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INTERVIEW | David Sigal Chronicles the History & Final Days of “Florent: Queen of the Meat Market”

INTERVIEW | David Sigal Chronicles the History & Final Days of "Florent: Queen of the Meat Market"

David Sigal’s entertaining documentary “Florent: Queen of the Meat Market,” chronicles the history and final days of New York’s legendary all-night diner. Below find an Email interview with Sigal. The film hits select theaters Friday, May 20.

Let Julianne Moore, Isaac Mizrahi, Michael Musto and other famous (and infamous) faces take you on a fantastic voyage to New York City’s legendary Florent diner.

For 23 years, the all-night eatery in the city’s Meat Packing District was prime stomping ground for a surprising mix of A-list celebrities, tourists, families and club kids, and it played an important role in LGBT activism and culture. This wildly entertaining documentary chronicles the history and final days of this outrageous icon! [Synopsis courtesy of the film’s website]

Responses courtesy of director David Sigal.

An early love of cinema…

I have been infatuated with movies and art from a very early age. In fact, my grandfather gave me his Brownie camera when I was 8 and I started taking pictures. When my family got an early, huge vhs camcorder, I would drag that thing everywhere I went and shoot conversations with family members. I attended the graduate film program at NYU’s Tisch school, where I pursued both directing and cinematography. I’ve been hooked since.

People watching at Restaurant Florent…

I was a loyal customer of Restaurant Florent. It reminded me of a later-day version of Andy Warhol’s Factory. You could see anyone from blue-haired club kids to little blue-haired old ladies, and everyone in-between: celebrities, socialites, politicians, tourists and everyday New Yorkers. It was hip, glamorous and accessible.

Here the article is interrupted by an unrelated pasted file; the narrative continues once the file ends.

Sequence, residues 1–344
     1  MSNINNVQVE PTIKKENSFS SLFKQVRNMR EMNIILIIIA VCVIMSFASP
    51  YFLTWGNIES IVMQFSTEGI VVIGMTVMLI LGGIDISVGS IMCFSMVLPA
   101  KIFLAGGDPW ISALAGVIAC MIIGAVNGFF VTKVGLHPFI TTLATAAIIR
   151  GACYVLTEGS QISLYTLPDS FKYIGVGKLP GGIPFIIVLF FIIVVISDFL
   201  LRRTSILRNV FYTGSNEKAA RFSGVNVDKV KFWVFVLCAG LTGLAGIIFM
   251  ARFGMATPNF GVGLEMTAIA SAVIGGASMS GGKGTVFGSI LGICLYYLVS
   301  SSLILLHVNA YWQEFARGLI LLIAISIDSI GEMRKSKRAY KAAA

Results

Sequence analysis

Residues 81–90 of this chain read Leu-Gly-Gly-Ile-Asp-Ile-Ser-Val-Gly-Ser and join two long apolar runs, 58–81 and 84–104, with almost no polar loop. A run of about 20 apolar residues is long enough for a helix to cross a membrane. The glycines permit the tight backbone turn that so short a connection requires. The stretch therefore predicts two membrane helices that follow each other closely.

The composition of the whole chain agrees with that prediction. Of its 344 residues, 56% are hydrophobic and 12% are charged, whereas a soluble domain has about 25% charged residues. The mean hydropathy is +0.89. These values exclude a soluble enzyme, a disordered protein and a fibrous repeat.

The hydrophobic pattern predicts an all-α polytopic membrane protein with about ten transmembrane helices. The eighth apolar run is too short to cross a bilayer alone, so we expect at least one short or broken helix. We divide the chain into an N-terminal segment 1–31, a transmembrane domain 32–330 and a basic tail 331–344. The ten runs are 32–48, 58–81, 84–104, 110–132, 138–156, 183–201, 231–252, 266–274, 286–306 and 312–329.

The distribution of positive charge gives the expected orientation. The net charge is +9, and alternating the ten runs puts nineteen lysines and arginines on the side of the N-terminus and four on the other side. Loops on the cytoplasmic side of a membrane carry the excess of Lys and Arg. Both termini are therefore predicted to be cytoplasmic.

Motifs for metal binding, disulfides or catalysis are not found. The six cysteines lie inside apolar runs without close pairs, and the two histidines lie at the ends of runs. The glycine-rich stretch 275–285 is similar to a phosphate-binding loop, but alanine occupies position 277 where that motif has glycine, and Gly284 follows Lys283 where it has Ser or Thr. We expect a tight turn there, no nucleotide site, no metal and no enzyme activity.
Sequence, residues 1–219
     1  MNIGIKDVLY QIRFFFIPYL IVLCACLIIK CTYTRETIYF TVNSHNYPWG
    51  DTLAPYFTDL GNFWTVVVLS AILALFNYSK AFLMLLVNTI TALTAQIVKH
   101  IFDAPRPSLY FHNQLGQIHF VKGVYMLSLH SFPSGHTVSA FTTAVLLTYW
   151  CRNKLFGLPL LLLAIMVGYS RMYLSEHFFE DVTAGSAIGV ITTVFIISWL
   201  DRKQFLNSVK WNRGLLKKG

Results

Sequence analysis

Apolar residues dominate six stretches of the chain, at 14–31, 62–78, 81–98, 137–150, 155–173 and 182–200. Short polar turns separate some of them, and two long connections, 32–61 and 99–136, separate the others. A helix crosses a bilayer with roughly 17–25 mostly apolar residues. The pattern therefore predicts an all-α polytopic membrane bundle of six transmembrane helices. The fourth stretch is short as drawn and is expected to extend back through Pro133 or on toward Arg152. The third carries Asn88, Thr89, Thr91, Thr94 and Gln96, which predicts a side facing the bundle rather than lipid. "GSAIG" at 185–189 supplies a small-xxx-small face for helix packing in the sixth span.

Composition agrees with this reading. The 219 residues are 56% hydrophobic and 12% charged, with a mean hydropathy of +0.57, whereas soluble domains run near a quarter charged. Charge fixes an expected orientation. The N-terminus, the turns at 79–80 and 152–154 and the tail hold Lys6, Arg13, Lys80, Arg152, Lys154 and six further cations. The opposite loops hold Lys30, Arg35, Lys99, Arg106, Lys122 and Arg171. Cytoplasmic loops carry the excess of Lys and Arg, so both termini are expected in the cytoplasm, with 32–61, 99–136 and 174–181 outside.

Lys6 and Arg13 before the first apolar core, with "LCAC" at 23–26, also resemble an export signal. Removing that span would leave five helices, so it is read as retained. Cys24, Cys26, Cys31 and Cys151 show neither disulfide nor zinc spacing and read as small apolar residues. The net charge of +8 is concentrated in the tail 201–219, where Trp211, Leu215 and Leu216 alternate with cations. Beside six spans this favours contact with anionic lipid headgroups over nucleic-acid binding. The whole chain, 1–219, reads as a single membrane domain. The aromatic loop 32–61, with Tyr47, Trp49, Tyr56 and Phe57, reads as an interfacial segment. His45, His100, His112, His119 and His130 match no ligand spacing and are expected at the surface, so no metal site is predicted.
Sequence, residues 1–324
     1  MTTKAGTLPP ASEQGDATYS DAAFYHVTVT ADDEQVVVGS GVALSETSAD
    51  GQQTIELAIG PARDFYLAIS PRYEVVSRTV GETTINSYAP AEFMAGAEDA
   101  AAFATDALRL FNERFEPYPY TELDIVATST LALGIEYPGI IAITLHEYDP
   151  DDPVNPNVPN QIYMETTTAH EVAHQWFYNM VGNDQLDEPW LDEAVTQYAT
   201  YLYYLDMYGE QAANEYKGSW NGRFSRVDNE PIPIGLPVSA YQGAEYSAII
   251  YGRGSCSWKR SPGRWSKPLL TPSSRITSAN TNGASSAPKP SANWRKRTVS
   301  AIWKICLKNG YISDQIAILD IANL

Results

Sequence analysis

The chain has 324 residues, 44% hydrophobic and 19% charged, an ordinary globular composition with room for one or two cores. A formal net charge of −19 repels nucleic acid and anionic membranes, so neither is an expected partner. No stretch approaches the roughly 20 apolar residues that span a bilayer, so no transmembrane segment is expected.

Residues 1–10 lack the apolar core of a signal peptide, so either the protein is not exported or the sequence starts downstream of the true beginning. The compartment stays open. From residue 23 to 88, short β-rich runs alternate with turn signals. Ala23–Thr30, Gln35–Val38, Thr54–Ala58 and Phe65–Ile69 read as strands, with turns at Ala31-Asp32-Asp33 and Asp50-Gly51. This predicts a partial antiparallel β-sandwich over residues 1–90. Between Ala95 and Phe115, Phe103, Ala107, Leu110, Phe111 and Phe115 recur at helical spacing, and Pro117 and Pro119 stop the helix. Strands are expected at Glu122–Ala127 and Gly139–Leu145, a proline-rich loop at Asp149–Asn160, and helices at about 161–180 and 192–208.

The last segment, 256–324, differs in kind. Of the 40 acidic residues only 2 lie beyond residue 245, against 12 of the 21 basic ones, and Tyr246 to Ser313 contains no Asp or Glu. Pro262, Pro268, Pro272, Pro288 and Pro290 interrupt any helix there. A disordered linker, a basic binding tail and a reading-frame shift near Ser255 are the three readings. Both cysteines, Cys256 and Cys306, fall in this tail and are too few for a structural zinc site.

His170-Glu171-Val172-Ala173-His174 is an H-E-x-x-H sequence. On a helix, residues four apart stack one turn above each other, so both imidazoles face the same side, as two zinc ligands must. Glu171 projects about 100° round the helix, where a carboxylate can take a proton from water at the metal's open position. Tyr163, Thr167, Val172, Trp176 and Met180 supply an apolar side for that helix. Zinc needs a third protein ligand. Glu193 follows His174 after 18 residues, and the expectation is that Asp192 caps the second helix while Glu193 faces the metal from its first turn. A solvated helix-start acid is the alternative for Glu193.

The film is about how New York has changed over the last 25 years, as seen through the eyes of Florent Morellet, who owned the restaurant, and his staff and customers. But it’s also about coping with loss. When I first started filming in 2008, I didn’t know that Morellet was in the middle of a rent dispute that would lead him to close six months later. He didn’t want to go quietly. So Morellet recruited his performer friends and staged the closing over five weeks through different themes according to the Kubler-Ross stages of grief. Every night during this period, the restaurant became a mini-Moulin Rouge. We captured these moments on film, leading up to closing night.

Developing a documentary style…

I wanted to make a documentary where Florent and the other subjects did all the talking. We tried really hard not to have me in the movie as an interviewer and not to have a narrator.

Greatest challenges?

It was pretty challenging to coordinate all of the interviews (there were over 100), especially when you’re dealing with the schedules of famous people like Julianne Moore, Diane Von Furstenberg, Isaac Mizrahi, Christo and others.

Impromptu nudity…

One day I was shooting two loyal customers of Florent on Gansevoort street during the day. They decided to pull down their pants and expose themselves in broad daylight. And no, I didn’t ask them to do it! There are literally hundreds of other anecdotes, too, and most of them we captured on film.

Anything in the works?

I am developing some scripted projects based on historical figures and have plans to begin shooting a documentary focused on a New York politician as soon as possible.

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